Sunday, March 11, 2018

Blowback Against the Nanny State: Let the Kids Play With Scissors, Hammers and Saws!

By Ellen Barry

Educators in Britain, after decades spent in a collective effort to minimize risk, are now, cautiously, getting into the business of providing it.

Four years ago, for instance, teachers at the Richmond Avenue Primary and Nursery School looked critically around their campus and set about, as one of them put it, “bringing in risk.”

Out went the plastic playhouses and in came the dicey stuff: stacks of two-by-fours, crates and loose bricks. The schoolyard got a mud pit, a tire swing, log stumps and workbenches with hammers and saws.

“We thought, how can we bring that element of risk into your everyday environment?” said Leah Morris, who manages the early years program at the school in Shoeburyness in southeast Britain. “We were looking at, O.K., so we’ve got a sand pit, what can we add to the sand pit to make it more risky?”

Now, Ms. Morris says proudly, “we have fires, we use knives, saws, different tools,” all used under
adult supervision. Indoors, scissors abound, and so do sharp-edged tape dispensers (“they normally only cut themselves once,” she says).

Limited risks are increasingly cast by experts as an experience essential to childhood development, useful in building resilience and grit.

Outside the Princess Diana Playground in Kensington Gardens in London, which attracts more than a million visitors a year, a placard informs parents that risks have been “intentionally provided, so that your child can develop an appreciation of risk in a controlled play environment rather than taking similar risks in an uncontrolled and unregulated wider world.”

This view is tinged with nostalgia for an earlier Britain, in which children were tougher and more self-reliant. It resonates both with right-wing tabloids, which see it as a corrective to the cosseting of a liberal nanny state; and with progressives, drawn to a freer and more natural childhood. It is also supported by a growing list of government officials, among them Amanda Spielman, the chief inspector of Ofsted, the powerful agency that inspects British schools.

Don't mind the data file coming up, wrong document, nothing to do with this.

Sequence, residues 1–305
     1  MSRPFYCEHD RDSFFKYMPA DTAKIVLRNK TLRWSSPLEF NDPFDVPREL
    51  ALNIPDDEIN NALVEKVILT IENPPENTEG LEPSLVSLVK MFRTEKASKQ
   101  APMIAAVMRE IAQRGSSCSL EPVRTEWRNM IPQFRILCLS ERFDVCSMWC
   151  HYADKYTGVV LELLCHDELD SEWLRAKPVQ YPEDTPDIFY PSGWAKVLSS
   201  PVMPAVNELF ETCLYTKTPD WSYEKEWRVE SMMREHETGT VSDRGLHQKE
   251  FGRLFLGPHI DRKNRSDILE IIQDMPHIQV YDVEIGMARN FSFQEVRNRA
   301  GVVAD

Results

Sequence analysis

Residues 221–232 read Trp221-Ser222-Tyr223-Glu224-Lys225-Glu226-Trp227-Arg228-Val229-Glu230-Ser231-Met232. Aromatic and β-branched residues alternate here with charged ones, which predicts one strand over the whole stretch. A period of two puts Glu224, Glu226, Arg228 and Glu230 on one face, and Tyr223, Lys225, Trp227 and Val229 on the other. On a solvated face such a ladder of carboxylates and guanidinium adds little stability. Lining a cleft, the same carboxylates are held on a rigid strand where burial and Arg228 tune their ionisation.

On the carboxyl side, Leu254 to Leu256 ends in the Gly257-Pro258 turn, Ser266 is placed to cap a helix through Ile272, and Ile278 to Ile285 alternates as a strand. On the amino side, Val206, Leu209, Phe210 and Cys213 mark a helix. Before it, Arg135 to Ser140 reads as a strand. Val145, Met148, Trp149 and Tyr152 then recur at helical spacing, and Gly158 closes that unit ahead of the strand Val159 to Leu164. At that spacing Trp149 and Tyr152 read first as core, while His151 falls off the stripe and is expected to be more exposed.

Ms. Spielman has poked fun at schools for what she considers excessive risk aversion, describing as “simply barmy” measures like sending schoolchildren out on city field trips in high-visibility jackets. Late last year, she announced that her agency’s inspectors would undergo training that will encompass the positive, as well as the negative, side of risk.

“Inspections will creep into being a bit more risk-averse unless we explicitly train them to get a more sophisticated understanding of the balance between benefits and risk, and stand back, and say ‘It’s O.K. to have some risk of children falling over and bashing into things,’” she said. “That’s not the same as being reckless and sending a 2-year-old to walk on the edge of a 200-foot cliff unaccompanied.”

Read the rest here.

 Robert Wenzel note: Well, this seems to be some pretty decent blowback against the nanny state and three cheers for that but I would still prefer that education be turned over to the private sector where multiple options would bloom, rather than government decrees that are sometimes good, very often very bad.


  1. Maybe they'll bring back the school rifle clubs that were once prevalent in the UK and US (yes, even in New York City) in the 50s and 60s ...

  2. This is just sad. They don't have a clue what education or risk really means. They need to stop trying to be clever and start studying Maria Montessori.

  3. Maybe they’ll go so far as to immerse young boys in an environment where they’re regular let preyed upon by pedophiles. Oh wait, they’re in England.

  4. JP has commented on the import of 'rough and tumble' play.